Music belongs in our school. Not because it’s fun and entertaining; nor because it’s relaxing or socializing. Music often is all of these, of course. But music belongs in school because it is basic to learning. Music is a unique way of knowing.
We comprehend the world in many ways. A journalist may describe a storm as wind wreaking devastation. A scientist will pinpoint it as 28.84 inches of barometric pressure and winds of 82.5 mph. Beethoven describes a storm by hurling an orchestra at our ears with blasts of brass and flickers of violins. Turner expresses it by making his whole canvas explode in breathtaking swirls of colors.
None of these, – words, numbers, sounds or colors – is sufficient to produce total understanding. Each provides particular insights. Together they produce more complete comprehension.
This combination happens because the brain processes information in two ways. Some information is handled bit-by-bit with the bits converging at a single point. This is the kind of linear thinking typically used in language and science. It yields facts, conclusions and “right” answers.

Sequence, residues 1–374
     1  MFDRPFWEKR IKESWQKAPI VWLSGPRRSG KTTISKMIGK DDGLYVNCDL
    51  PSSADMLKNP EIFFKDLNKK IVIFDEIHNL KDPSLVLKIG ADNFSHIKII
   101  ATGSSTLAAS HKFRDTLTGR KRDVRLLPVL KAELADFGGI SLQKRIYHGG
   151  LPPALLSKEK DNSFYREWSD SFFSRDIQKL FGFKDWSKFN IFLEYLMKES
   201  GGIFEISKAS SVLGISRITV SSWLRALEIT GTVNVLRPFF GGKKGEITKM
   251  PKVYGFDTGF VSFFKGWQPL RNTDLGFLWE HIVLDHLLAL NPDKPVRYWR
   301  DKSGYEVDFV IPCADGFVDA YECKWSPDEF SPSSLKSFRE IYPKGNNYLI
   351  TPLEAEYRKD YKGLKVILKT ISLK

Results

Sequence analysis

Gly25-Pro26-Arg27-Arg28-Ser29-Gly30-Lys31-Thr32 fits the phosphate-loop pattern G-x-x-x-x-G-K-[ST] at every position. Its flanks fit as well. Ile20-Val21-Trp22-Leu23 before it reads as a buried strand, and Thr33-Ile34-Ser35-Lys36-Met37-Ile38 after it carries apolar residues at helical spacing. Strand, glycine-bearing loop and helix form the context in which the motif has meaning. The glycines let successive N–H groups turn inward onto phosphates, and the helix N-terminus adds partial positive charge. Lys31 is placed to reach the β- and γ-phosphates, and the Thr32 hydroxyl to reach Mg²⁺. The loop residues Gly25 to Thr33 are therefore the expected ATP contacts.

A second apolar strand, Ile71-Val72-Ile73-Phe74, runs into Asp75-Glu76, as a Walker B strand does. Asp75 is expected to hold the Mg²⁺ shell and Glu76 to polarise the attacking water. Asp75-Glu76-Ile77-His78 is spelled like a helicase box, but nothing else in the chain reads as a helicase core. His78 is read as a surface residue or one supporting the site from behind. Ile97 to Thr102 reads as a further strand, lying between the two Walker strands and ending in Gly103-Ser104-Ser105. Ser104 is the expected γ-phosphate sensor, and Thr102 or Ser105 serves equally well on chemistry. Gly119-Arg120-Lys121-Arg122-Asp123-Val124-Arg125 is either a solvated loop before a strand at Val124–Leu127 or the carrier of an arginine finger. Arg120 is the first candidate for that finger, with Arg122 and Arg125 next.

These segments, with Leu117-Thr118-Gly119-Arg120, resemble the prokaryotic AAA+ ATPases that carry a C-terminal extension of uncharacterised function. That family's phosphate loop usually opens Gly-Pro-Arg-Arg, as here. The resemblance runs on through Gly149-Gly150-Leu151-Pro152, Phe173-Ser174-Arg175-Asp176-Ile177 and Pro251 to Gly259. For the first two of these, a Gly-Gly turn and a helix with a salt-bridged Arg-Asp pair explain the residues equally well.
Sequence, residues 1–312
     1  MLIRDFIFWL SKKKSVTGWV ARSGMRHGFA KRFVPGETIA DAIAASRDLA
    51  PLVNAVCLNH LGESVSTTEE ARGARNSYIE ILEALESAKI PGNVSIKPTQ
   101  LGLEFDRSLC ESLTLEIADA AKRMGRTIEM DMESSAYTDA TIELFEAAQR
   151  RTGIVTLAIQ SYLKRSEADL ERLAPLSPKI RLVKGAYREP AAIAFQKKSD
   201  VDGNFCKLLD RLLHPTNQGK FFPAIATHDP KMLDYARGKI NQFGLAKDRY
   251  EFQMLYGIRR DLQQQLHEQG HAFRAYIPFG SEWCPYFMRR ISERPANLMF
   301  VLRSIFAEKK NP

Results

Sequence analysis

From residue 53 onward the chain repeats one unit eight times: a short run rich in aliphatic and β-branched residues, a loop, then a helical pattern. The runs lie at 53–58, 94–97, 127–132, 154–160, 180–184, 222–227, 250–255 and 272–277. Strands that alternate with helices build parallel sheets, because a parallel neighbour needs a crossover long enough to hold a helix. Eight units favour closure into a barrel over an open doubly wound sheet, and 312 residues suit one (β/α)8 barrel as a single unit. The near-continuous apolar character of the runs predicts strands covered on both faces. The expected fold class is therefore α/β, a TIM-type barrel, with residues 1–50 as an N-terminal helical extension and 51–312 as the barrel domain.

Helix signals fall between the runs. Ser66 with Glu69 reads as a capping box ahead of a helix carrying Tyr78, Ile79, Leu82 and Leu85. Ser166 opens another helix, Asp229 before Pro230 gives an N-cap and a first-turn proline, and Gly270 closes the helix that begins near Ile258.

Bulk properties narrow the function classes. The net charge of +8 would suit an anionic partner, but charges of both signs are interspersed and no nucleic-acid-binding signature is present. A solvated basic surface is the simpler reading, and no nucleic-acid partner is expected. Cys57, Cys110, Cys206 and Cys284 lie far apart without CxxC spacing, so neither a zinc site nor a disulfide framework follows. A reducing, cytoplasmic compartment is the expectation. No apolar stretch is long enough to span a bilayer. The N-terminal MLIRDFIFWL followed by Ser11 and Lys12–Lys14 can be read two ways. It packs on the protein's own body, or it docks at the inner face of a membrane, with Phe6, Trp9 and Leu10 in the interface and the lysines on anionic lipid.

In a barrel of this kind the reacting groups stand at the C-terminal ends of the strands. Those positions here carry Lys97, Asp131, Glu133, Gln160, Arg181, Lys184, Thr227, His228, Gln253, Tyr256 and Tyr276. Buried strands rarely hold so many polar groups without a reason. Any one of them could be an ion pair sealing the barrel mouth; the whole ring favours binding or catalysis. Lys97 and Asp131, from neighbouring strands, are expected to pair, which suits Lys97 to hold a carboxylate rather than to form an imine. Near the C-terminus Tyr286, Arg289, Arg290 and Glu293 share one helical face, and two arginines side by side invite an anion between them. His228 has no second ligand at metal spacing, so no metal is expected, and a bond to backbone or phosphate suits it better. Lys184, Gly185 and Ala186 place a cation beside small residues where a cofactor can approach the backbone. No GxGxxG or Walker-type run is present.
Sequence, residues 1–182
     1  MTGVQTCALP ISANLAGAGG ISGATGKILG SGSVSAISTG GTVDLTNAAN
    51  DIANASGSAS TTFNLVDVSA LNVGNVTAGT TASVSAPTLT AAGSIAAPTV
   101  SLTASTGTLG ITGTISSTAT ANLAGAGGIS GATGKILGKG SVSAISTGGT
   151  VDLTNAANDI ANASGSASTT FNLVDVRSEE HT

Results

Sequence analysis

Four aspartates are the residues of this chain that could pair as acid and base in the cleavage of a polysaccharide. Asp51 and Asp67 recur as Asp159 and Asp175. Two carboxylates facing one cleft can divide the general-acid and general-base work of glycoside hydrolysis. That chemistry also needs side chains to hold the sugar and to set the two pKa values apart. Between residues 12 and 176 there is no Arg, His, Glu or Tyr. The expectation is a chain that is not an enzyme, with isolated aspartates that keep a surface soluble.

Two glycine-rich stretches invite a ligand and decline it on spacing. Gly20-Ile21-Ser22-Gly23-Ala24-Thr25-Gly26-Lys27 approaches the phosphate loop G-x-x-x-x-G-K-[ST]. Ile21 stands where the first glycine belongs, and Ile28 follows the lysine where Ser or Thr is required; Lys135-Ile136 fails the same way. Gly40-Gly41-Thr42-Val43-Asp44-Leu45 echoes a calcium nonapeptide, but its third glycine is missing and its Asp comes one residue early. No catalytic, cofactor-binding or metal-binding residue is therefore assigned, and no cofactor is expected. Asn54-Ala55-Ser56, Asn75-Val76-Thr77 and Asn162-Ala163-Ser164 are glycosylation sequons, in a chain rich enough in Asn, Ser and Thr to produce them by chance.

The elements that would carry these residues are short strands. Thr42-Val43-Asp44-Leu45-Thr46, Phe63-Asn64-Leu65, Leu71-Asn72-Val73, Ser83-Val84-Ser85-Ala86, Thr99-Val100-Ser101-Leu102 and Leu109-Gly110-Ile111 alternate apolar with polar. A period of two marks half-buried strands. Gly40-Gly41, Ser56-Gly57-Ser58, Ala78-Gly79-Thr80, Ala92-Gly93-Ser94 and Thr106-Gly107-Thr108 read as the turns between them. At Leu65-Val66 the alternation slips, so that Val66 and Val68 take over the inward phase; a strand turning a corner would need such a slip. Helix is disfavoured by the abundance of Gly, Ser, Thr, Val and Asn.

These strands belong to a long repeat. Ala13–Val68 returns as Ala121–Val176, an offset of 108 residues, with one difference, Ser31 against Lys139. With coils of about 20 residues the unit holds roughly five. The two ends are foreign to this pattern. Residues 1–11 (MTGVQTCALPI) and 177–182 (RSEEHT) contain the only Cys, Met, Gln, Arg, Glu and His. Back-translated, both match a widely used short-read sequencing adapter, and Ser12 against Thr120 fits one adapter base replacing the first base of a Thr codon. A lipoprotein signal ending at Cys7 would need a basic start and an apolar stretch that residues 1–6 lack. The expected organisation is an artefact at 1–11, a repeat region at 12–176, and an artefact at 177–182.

But the brain can also process many bits of information all at once, releasing the results in divergent directions. This sort of thinking, called “holistic”, leads to hypotheses, metaphors and ambiguity. It is basic to emotion, imagination and creativity.
In daily life, we do not choose to think now in facts and later in feelings. We use both, inextricably combined, in order to comprehend. One without the other would be unthinkable.
It is equally unthinkable to consider a school curriculum complete unless it fosters both ways of thinking.
Total understanding is basic to life and basic to education. But only partial understanding results when school curricula fail to balance linear and holistic thinking. The academic and the aesthetic are essential halves.
That is why music is basic to education. To be sure, music study can be centered on historical facts or theoretical constructs. But such a focus denies music’s unique contribution to learning. Its soul is then missing.
Gloria J. Kiester
St. Olaf College, Northfield, MN